Kanye West Claims Pablo Pop-Up Shop Sold $1 Million Over Two Days
One such skeptic is Sucharita Mulpuru, a retail analyst at Forrester. “He is known for hyperbole, and given that he is a private citizen and it’s a private business, we may never known the true numbers,” she says. $1 million is an “awful lot” for two days of selling, she explains, marking “the upper end of any Manhattan retailer on a daily basis”; Macy’s Herald Square location moves more than $1 million in product most days, for example, but has more than 2 million square feet of selling space. “I’m not even sure how [West] would be processing that much inventory that quickly in a small format store — it couldn’t even fit $500,000 worth of merchandise unless every item was the size of a lipstick tube,” she argues.
Indeed, photos of the shop show a sparsely stocked space, with a handful of racks lining the perimeter. (Those store associates must have been restocking at lightning speed.)
Adelle Platon
Prices for Pablo merch ranged from $35 for blue and red beanies that read “I Feel Like Pablo” to $400 for a pair of distressed jean jackets, with the average price clocking in at $116.50. Assuming West sold more merchandise on the days the store was open longer (the pop-up was open for four hours on Friday evening and eight hours on Saturday and Sunday), he would have needed to sell $62,500 worth of goods, or about 536 items, an hour. (To break it down even further, that’s about nine items per minute.)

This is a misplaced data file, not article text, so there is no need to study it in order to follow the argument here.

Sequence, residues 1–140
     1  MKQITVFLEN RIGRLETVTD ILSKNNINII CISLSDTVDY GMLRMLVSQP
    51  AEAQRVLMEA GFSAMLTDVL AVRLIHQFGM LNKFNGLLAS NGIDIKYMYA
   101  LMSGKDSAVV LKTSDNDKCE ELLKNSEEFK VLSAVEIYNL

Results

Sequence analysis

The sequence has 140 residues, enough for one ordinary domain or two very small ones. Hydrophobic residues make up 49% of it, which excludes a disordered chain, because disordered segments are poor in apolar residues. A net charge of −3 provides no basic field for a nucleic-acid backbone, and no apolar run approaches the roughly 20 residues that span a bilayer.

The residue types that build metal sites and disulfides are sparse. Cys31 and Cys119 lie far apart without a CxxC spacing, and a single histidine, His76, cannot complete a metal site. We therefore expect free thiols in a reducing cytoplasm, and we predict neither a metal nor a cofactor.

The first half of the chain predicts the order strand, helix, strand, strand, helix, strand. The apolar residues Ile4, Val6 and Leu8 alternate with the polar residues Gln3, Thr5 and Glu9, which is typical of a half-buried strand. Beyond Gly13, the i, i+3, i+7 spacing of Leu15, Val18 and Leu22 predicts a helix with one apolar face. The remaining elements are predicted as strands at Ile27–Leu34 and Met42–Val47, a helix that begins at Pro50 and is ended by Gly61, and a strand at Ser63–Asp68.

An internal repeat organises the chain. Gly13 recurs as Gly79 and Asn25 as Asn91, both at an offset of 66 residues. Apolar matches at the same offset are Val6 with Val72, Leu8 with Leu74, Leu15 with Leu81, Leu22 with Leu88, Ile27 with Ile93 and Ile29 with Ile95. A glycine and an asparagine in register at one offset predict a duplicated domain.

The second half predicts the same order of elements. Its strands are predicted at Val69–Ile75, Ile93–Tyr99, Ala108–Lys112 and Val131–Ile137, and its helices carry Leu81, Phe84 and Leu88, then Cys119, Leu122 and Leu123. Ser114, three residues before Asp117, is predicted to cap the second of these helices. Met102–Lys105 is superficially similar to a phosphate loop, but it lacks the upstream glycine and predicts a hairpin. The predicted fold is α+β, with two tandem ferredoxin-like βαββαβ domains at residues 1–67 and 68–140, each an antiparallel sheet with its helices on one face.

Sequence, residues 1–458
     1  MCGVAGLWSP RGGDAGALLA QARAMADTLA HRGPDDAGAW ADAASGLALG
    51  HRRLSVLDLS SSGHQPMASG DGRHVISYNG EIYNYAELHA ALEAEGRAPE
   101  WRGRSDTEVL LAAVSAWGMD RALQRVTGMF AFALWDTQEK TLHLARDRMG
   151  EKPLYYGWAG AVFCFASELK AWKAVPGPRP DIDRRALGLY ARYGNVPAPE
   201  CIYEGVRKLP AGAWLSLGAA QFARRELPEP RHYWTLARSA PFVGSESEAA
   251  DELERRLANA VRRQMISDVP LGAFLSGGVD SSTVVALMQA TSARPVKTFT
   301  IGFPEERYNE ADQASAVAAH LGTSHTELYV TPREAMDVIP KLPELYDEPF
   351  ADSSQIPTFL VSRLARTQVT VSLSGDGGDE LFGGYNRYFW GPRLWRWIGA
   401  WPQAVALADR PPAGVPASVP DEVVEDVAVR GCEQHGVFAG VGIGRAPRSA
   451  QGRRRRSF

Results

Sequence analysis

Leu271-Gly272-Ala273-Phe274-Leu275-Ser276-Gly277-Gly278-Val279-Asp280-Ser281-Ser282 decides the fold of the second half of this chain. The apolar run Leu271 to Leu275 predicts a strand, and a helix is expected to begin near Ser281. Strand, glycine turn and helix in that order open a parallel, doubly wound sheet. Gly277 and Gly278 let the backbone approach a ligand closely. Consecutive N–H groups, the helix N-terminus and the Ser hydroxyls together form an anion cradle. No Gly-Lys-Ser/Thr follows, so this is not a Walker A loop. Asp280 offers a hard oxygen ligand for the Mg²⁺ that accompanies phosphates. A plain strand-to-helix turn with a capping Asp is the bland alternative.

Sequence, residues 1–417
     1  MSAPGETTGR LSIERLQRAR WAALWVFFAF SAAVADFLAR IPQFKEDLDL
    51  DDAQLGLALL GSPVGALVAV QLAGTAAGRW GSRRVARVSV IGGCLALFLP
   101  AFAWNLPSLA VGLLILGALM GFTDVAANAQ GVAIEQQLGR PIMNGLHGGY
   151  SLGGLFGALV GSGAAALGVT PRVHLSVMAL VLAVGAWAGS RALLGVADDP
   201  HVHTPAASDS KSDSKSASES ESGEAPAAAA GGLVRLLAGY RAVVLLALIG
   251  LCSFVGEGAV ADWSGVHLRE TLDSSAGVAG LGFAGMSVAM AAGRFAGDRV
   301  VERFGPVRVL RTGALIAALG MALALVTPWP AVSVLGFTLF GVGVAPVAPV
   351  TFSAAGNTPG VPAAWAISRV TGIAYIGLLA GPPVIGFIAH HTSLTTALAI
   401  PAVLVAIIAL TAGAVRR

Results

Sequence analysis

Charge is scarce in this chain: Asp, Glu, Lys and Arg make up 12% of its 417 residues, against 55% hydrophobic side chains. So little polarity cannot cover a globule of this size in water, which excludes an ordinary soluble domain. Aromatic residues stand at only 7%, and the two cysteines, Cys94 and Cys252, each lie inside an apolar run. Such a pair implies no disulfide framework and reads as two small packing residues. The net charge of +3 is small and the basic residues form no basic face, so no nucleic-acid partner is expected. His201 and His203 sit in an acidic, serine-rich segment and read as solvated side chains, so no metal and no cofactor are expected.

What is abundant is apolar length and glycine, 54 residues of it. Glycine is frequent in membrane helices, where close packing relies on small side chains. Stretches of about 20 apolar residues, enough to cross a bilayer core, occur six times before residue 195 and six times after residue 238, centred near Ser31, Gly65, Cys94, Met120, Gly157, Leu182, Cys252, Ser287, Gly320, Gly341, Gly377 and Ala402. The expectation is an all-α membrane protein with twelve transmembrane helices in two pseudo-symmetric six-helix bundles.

Feeling Like Pablo: Inside (and Outside of) Kanye West’s New York City Pop-Up Shop
Seems impossible, no? But Russ Miller, founder of pop-up retail specialist Vacant, which has worked on stores for several high-profile musicians including The Beatles, and Ana Pelucarte, co-founder of Pop-Up Mob, which has worked with French luxury fashion house Mugler and men’s streetwear brand Zanerobe on pop-up shops in downtown Manhattan, believe it is possible, given the reported level of demand for Pablo-branded goods, particularly among resellers. In fact, both noted that the Supreme store a few blocks over on Lafayette Street has likely generated similar, if not better, sales numbers on some release days. (A spokesperson for Supreme did not respond to a request for comment by press time.)
NEW YORK, NY - MARCH 18:  NYPD guard the area near 83 Wooster Street in Soho at the Kanye West "Pablo Pop-Up Shop" In Manhattan on March 18, 2016 in New York City.  (Photo by Astrid Stawiarz/Getty Images)
NEW YORK, NY – MARCH 18: NYPD guard the area near 83 Wooster Street in Soho at the Kanye West “Pablo Pop-Up Shop” In Manhattan on March 18, 2016 in New York City. (Photo by Astrid Stawiarz/Getty Images)
But even if West’s $1 million claim isn’t bogus, he certainly didn’t take home nearly that much cash. “When you rent in such a prime location for only three days, the price is going to be very high, plus you need five times the staff a typical 3,600-square-foot location would have,” Pelucarte says, estimating that the total operating cost was somewhere in the $100,000-$300,000 range. Even assuming the margin was higher than the 50-60% retailers see on most full-price items — and indeed, many of those who bought merch from the pop-up noted that the $45 T-shirts looked like $4 T-shirts that had been screen-printed — total profit probably rang in at about $300,000, she estimates. That won’t put much of a dent in West’s alleged $53 million in debt.
While $300,000 seems like a comparatively paltry sum at the end of the day, there’s no doubt about it: West’s pop-up venture was a triumph. “If you ask me, it was a success,” says Pelucarte. “Pop-ups are used for press and media, and If you break even, it’s already a success.”